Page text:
PERMATApintar® National Gifted Center is, to the author’s best of knowledge, the first center in Malaysia that provides a platform for Malaysian talented students with high ability in thinking. This center has built a teaching and learning biology curriculum that suits the ability of these gifted students. The level of PERMATApintar® biology curriculum is basically higher than the national biology curriculum. Here, the foundation students are exposed to the PERMATApintar® biology curriculum at the age of as early as 11 years old. This center practices a 4-time-a-year examination system to monitor the academic performances of the students. Generally, most of the time, male students show no or low interest towards biology subject compared to female students. This study is to investigate the association of students’ gender and their academic performances in biology examination. A total of 39 students’ scores in twelve sets of biology examinations in 3 years have been collected and analyzed by using the statistical analysis. Based on the analysis, there are no significant differences between male and female students against the biology academic performances with a significant level of p = 0.05. This indicates that gender is not associated with the scores of biology examinations among the students. Another result showed that the average score for male studenta was higher than the female students. Future research can be done by comparing the biology academic achievement in Malaysian National Examination (Sijil Pelajaran Malaysia, SPM) between the Foundation 3 students (Grade 9) and Level 2 students (Grade 11) with similar PERMATApintar® biology curriculum.
This study aimed to investigate medical students’ attitudes toward some teachers’ talking features regarding their gender in the Iranian context. To do so, 60 male and 60 female medical students of Urmia University of Medical Sciences (UMSU) participated in the research. A researcher made Likert-type questionnaire which was initially piloted and was used to gather the data. Comparing the four different factors regarding the features of teacher talk, it was revealed that visual and extra-linguistic information factor, Lexical and syntactic familiarity, Speed of speech, and the use of Persian language had the highest to the lowest mean score, respectively. It was also indicated that female students rather than male students were significantly more in favor of speed of speech and lexical and syntactic familiarity.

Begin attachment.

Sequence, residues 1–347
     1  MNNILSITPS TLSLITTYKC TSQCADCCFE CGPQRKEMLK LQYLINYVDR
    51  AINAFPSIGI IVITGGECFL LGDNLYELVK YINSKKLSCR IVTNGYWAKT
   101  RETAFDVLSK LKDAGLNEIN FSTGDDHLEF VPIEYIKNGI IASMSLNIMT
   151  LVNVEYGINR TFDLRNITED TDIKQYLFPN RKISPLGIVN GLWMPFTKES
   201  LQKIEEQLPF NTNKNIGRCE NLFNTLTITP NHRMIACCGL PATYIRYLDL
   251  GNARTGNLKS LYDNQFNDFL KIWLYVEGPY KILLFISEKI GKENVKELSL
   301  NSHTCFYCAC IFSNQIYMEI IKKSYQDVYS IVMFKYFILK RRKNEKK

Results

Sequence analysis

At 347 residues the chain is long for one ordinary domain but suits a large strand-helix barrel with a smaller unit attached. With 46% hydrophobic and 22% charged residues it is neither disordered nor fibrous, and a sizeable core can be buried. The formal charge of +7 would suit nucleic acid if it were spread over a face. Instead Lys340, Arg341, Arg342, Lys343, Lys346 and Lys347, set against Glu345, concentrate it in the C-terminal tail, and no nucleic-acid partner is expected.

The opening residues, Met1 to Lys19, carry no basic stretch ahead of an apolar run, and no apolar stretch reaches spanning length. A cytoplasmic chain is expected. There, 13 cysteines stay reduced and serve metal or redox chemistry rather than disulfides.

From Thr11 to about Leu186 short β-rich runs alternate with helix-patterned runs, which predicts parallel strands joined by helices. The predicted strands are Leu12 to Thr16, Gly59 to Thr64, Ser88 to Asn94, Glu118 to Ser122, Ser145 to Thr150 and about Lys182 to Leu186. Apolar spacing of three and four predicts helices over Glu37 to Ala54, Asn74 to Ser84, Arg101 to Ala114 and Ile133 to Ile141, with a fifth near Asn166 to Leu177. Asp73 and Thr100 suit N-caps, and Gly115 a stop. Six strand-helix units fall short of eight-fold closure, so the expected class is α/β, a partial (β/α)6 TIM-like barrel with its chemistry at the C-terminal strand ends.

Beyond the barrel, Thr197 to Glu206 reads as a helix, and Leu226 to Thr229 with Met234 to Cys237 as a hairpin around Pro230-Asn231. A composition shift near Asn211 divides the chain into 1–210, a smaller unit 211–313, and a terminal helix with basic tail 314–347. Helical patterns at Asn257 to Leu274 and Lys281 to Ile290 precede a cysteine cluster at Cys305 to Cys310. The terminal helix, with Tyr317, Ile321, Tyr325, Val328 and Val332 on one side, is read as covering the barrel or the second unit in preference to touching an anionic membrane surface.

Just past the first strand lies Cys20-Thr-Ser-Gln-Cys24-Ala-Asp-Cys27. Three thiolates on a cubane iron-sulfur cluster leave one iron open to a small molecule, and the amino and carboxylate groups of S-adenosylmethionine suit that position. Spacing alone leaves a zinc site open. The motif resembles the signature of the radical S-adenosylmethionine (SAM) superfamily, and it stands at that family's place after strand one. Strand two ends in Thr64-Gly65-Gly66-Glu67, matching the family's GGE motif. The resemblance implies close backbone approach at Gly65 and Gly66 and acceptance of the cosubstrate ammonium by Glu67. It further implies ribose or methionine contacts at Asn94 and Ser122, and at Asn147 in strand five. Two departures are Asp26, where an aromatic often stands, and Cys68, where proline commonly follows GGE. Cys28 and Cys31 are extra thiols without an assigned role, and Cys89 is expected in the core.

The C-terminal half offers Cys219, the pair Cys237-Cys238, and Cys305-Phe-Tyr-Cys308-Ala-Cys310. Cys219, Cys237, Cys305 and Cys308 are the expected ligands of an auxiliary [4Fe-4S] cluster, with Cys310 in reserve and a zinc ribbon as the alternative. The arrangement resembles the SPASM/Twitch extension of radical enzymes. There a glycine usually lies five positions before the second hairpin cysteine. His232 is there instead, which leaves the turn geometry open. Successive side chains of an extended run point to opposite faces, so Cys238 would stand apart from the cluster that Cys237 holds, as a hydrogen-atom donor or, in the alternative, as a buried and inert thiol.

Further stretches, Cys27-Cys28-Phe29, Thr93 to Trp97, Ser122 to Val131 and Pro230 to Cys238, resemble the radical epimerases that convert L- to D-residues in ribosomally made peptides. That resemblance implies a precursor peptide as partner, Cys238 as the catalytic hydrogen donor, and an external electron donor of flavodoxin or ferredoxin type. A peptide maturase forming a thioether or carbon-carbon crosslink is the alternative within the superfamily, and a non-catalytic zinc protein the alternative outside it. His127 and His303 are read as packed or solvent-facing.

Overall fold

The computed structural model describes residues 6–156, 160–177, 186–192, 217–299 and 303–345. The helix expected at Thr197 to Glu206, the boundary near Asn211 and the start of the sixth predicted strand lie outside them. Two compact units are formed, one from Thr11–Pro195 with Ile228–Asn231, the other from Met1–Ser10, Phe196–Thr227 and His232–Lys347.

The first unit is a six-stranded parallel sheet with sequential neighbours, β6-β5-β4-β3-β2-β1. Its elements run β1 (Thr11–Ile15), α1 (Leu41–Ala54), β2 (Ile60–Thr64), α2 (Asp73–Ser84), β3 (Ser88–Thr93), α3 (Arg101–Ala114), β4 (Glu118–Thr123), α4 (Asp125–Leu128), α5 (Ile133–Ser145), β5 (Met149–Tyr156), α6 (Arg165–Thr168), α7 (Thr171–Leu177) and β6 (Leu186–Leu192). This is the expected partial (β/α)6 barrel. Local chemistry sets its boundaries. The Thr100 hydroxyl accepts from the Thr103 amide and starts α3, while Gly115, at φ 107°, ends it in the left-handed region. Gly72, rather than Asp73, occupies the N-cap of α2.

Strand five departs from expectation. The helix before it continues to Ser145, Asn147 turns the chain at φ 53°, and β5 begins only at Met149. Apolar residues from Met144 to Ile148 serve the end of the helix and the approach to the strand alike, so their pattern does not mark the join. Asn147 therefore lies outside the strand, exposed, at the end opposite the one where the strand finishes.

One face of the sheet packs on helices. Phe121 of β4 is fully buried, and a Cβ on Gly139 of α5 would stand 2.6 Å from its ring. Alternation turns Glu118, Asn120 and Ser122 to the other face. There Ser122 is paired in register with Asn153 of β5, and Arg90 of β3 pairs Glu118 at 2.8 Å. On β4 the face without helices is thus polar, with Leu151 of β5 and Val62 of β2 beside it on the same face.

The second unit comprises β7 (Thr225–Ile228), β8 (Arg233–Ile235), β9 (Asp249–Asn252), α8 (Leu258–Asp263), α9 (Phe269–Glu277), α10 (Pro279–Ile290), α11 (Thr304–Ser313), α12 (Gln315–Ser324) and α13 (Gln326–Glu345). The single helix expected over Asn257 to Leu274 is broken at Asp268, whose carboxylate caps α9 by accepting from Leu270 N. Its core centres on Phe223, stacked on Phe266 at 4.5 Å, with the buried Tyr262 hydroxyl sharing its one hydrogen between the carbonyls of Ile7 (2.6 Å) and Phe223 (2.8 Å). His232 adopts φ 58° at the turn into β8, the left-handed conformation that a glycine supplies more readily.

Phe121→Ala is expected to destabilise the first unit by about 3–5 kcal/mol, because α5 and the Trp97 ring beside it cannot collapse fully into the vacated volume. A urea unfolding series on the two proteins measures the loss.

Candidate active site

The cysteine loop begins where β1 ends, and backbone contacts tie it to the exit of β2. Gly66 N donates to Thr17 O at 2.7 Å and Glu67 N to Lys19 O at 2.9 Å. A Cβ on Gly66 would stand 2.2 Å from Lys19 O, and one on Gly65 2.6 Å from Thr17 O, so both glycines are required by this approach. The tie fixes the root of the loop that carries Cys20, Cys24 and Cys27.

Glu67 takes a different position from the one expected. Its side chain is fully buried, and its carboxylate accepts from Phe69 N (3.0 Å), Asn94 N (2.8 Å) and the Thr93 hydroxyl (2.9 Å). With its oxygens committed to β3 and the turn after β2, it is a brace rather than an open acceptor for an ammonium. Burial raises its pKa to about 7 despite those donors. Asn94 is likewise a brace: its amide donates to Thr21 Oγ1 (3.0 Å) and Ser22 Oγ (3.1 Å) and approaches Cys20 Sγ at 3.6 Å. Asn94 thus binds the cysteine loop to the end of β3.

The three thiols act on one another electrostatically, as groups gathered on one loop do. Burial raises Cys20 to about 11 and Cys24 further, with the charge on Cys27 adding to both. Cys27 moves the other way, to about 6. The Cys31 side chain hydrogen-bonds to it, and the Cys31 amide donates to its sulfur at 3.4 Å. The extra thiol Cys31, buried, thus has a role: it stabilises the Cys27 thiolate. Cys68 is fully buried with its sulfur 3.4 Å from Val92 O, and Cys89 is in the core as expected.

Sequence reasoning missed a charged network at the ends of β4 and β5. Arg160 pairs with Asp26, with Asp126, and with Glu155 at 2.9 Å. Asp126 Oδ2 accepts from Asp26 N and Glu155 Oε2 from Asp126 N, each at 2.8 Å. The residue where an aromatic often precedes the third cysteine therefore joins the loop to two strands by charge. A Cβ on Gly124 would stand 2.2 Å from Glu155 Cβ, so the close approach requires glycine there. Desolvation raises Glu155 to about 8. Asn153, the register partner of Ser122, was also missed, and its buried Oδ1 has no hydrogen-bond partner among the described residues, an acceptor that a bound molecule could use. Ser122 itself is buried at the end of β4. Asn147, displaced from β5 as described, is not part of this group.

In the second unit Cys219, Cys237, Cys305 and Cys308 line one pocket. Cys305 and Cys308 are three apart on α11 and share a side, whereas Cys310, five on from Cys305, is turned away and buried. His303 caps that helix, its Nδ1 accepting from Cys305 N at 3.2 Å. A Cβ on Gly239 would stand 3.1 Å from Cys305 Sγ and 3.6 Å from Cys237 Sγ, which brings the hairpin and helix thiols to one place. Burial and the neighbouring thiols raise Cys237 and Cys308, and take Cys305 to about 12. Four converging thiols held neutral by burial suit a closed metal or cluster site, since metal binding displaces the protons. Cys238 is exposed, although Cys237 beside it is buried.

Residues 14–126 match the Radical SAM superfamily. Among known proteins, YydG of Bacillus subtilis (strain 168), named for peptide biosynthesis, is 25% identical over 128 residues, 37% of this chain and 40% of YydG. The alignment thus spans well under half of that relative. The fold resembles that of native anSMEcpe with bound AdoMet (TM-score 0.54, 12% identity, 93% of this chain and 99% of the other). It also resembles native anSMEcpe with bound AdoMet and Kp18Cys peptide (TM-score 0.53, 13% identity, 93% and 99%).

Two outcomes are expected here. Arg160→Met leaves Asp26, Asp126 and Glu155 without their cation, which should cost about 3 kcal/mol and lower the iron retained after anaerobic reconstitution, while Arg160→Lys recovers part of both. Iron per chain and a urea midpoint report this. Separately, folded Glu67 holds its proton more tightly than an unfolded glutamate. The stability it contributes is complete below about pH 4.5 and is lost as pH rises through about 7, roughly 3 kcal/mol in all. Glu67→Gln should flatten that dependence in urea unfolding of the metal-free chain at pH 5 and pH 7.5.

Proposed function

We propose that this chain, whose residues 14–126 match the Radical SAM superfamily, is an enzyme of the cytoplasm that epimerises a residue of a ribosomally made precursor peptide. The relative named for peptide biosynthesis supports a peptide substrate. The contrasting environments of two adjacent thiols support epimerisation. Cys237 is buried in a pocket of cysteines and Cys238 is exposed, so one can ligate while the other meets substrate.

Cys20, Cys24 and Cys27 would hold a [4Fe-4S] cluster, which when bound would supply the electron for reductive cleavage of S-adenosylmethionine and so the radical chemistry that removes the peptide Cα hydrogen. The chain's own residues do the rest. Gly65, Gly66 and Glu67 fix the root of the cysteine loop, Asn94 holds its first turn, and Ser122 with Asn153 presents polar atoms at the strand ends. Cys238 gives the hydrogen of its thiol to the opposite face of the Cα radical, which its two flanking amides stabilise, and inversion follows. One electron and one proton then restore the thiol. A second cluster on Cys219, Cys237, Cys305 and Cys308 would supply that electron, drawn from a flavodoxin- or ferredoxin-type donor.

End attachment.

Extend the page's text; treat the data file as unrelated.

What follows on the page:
This study examines dialect and gender variations in the place and manner of articulation between the two Korean fricatives, /s/ and /s’/, as produced by speakers of the Daegu and Jeju dialects. The acoustic parameters of center of gravity and skewness for the place of articulation, and the rise time and the amplitude rise slope for the manner of articulation were measured. The study results revealed a gender effect, but no dialect effect, for the center of gravity and the skewness. No main effect for either the gender or dialect was found for the rise time and the amplitude rise slope. These findings indicated that, with regard to the place of articulation, Korean fricative sound differences are a gender distinction, not a dialectal one.
The study investigated the variability in aptitude amidst interactive effects of several social and environmental factors that could influence individual tendencies to engage in entrepreneurship in Nigeria. Consequently, the study targeted a population having similar backgrounds in type and level of higher education that are tailored toward enterprise management and development in the Niger Delta region of Nigeria. A two-stage sampling procedure was used to select 67 respondents. Primarily, the study assessed the salient pattern of entrepreneurship aptitude of respondents, and estimated and analyzed the index against their personal characteristics. Male respondents belonged to two extremes of aptitude index ranges (poor and high). Though female respondents did not exhibit a poor entrepreneurship aptitude index, the incidence percentage of the high index range of entrepreneurship aptitude among male trainees was more than the combined incidence percentage of their female counterparts. Respondents’ backgrounds outside gender presented a serious influence on entrepreneurship uptake likelihood if all situations were normal.